6 WCHTA HAER No. CA-356 Page 5 recognied the limitations of the AORs during Persian Gulf operations at the time of the ranian Revolution in n that theater, the nearest friendly base as Diego Garcia, hich as 4, miles aay, and senior commanders noted the AORs deficient speed and cargo capacities. 8 The role for hich the Wichita had been designed changed in the post-vietnam War era. The defense department experienced large budget cuts, and the U.S. Navy sought to minimie the effects by retiring some of the older vessels. The expensive Essex-class carriers used for ASW missions ere cut back as the navy s doctrine shifted from sea control to poer projection. Eventually, the navy decommissioned the Essex class, and the AORs began to replenish the carrier battle groups in the fleet. After another ave of budget cuts hit the military at the end of the Cold War, the navy retired the Wichita class in the early 199s. 9 CONSTRUCTON The U.S. Navy aarded the Wichita contract to General Dynamics Fore River Yard in Quincy, Massachusetts, on 2 June Thomas Watson had opened the shipyard in 191 as the Fore River Engine Company. 1 The property as 1 miles south of Boston near Quincy and occupied 111 acres along the Fore River. The company changed hands in 1913 hen Bethlehem Steel bought it. Bethlehem Steel operated a successful shipbuilding business until 1963 hen a budgetary crisis forced its sale to General Dynamics Corporation. n 1981, the federal government ended its shipyard subsidy program, and the shipyard began to suffer financially as a result. General Dynamics launched its last ship in 1986 after constructing six ships in the Wichita class. National Steel and Shipbuilding Company in San Diego, California, built the last one: the USS Roanoke. 11 DESCRPTON The Wichita measured 658' long overall ith a breadth of 96' and 33'-3" draft. The hull as steel, as as the superstructure. The ship maintained a raked bo, battleship stern, and to islands, including a forard conning station and an aft deckhouse. For added stability, the design incorporated bilge keels on the port and starboard sides of the hull and a skeg at the stern that folloed the keel outard. The American Bureau of Shipping rated the vessel at 37,36 gross tons, and it displaced 13,662 tons of ater. The tin-scre propulsion plant generated 32, shaft horsepoer to propel the vessel at 2 plus knots Miller, et al., Development of the U.S. Navy, p. 138; Wildenberg, Gray Steel and Black Oil, p Baer, One Hundred Years of Sea Poer, pp. 338, 348, 49, 445; Wildenberg, Gray Steel and Black Oil, p Thomas Watson as Alexander Graham Bell s young assistant hen Bell as developing the telephone. 11 General Dynamics Corporation, available at Dynamics-Corporation-Company-History.html; Quincy Shipbuilding Division, General Dynamics Corp, Fore River Shipyard, Quincy, MA, available at A History of Shipbuilding at Fore River, available at accessed 28 July 29; Wildenberg, Gray Steel and Black Oil, p Miller, et al., Development of the U.S. Navy, p. 141; Booklet of General Plans USS Wichita (AOR-1), plates 2-3, in Record Group 19, National Archives and Records Administration-College Park, Maryland (hereafter cited as NARA-College Park).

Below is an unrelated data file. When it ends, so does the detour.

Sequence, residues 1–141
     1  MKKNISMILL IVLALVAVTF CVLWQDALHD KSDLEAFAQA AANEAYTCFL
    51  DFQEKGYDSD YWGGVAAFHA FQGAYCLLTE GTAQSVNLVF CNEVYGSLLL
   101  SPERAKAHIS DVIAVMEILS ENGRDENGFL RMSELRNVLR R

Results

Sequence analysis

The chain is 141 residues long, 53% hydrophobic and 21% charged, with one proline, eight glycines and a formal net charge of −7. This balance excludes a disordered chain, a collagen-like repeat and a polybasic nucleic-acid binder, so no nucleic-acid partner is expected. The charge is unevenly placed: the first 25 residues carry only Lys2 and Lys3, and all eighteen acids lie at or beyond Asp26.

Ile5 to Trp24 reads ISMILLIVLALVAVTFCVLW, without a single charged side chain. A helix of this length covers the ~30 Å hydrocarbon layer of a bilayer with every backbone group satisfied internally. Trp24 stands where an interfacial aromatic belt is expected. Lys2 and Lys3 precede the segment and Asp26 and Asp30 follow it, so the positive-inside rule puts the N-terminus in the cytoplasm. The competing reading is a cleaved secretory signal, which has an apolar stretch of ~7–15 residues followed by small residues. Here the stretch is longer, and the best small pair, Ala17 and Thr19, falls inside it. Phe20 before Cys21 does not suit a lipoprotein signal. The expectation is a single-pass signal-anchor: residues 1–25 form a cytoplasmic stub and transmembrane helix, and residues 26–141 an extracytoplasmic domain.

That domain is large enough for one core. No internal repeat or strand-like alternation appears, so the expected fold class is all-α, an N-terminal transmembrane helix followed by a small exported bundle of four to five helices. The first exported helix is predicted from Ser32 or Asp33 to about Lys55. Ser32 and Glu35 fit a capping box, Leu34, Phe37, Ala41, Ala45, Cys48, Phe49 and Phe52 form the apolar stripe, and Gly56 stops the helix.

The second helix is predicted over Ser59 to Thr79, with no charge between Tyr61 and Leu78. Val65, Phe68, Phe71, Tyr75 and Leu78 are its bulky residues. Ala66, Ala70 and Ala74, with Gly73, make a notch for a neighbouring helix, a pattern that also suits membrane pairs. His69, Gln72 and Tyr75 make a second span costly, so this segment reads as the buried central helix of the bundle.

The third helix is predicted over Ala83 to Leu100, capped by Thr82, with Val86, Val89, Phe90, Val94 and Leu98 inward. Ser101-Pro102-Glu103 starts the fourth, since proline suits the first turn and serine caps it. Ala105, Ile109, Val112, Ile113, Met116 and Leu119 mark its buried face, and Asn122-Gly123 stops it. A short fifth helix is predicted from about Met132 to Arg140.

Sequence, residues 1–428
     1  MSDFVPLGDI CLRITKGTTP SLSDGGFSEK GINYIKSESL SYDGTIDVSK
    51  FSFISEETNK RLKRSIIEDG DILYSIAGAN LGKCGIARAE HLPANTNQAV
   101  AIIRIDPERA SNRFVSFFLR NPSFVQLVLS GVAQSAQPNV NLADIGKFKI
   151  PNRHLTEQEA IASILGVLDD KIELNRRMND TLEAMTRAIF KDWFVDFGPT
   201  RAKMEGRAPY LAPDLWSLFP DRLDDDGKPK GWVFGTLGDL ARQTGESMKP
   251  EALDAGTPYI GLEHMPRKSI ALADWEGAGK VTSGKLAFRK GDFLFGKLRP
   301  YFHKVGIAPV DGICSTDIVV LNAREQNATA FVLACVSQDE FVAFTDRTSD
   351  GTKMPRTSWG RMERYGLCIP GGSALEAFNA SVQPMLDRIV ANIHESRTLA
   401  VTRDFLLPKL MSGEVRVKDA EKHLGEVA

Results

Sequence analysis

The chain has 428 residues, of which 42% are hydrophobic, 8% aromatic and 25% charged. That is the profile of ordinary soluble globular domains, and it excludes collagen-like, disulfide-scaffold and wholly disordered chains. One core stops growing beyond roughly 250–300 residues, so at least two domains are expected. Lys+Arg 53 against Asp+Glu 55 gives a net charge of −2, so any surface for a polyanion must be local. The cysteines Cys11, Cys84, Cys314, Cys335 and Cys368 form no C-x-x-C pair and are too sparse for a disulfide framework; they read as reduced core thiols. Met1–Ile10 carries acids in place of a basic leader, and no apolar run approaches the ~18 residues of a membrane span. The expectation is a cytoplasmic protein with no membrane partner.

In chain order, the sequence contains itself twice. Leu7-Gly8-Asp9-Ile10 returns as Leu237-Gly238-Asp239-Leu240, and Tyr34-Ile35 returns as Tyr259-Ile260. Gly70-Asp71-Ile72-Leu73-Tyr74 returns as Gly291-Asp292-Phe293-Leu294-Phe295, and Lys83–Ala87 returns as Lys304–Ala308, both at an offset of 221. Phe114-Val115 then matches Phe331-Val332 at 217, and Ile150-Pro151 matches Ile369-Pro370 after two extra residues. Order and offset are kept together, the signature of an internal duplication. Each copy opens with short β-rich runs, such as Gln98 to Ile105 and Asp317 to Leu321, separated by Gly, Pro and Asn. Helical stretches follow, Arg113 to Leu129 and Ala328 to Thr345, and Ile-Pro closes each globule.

7 WCHTA HAER No. CA-356 Page 6 The machinery spaces ere divided into three separate atertight areas. The aft fire room contained three Foster and Wheeler boilers that provided steam for the main turbines and auxiliary equipment. The orking steam pressure as 7 psi at 85 degrees Fahrenheit. Each boiler had three Todd burners for combustion. n the forard machinery room, there ere to General Electric turbines on the port and starboard sides. Each turbine utilied high and lo pressures for maximum efficiency, and a General Electric double reduction gear stepped the shaft revolutions don to 15 rpm (maximum poer). To General Dynamic service generators rated at 45 volts ere located on the upper platforms. The aft steering compartment housed to Western Gear electric-hydraulic rams that ere doubleopposed and turned each rudder simultaneously. 13 Most of the space on board the Wichita as devoted to carrying petroleum products. The ship could carry 7,1, gallons of cargo fuel, including aviation gas, JP-5 (jet propellant), and marine fuel. The tanks varied in sie and ran forard from the machinery area up to frame 25. Saddle tanks also protected the to cargo eapon spaces deep ithin the hull. A sophisticated control center above the aft pump room contained a control panel that remotely managed all the gates, pumps, and valves in the aft and forard pump rooms during underay replenishment evolutions. 14 The remaining cargo space as devoted to ammunition, dry and refrigerated stores, and fleet supplies. The capacity plan for the Wichita alloed for 66,5 cubic feet of ammunition, 61,5 cubic feet of dry stores, and 15, cubic feet of refrigerated stores. There ere to ammunition spaces: one forard of frame 59 and the other forard of frame 44. The aft eapons space as three decks deep hile the forard one as to decks deep. An elevator passed through each space, and the cre used fork trucks to move the palletied ammunition up and out to the main deck for transfer. The second deck contained the rest of the storerooms, and a long corridor stretched beteen the to islands for the fork trucks. The refrigerated rooms ere aft (port and starboard sides), and the dry store cargo room ran forard (port and starboard). A third elevator in the aft end alloed the fork trucks to carry palletied stores up and outside to the main deck. t also extended to the meanine deck, hich alloed the fork trucks to drop off cargo on the stern helicopter pad so the ship s helicopter could pick up and deliver cargo to the receiving ship. The Wichita carried to Sea Knight helicopters for vertical replenishment (VERTREP) operations, hich ere stored in the aft deckhouse on the port and starboard sides of the 2 level. A vertical conveyor inside the starboard hangar could carry an 85-pound package from the second deck to the meanine deck for VERTREP delivery. 15 The forard house contained a sea cabin and rooms that contributed to the safe navigation of the ship. The navigation bridge as in the forard house at the 3 level. The bridge as 13 Miller, et al., Development of the U.S. Navy, p. 141; Booklet of General Plans, plate 9; site visit by author to Suisun Bay, California, July Miller, et al., Development of the U.S. Navy, p. 143; Booklet of General Plans, plates 4 and 9; site visit. 15 Booklet of General Plans, plates 4, 6, 8; site visit.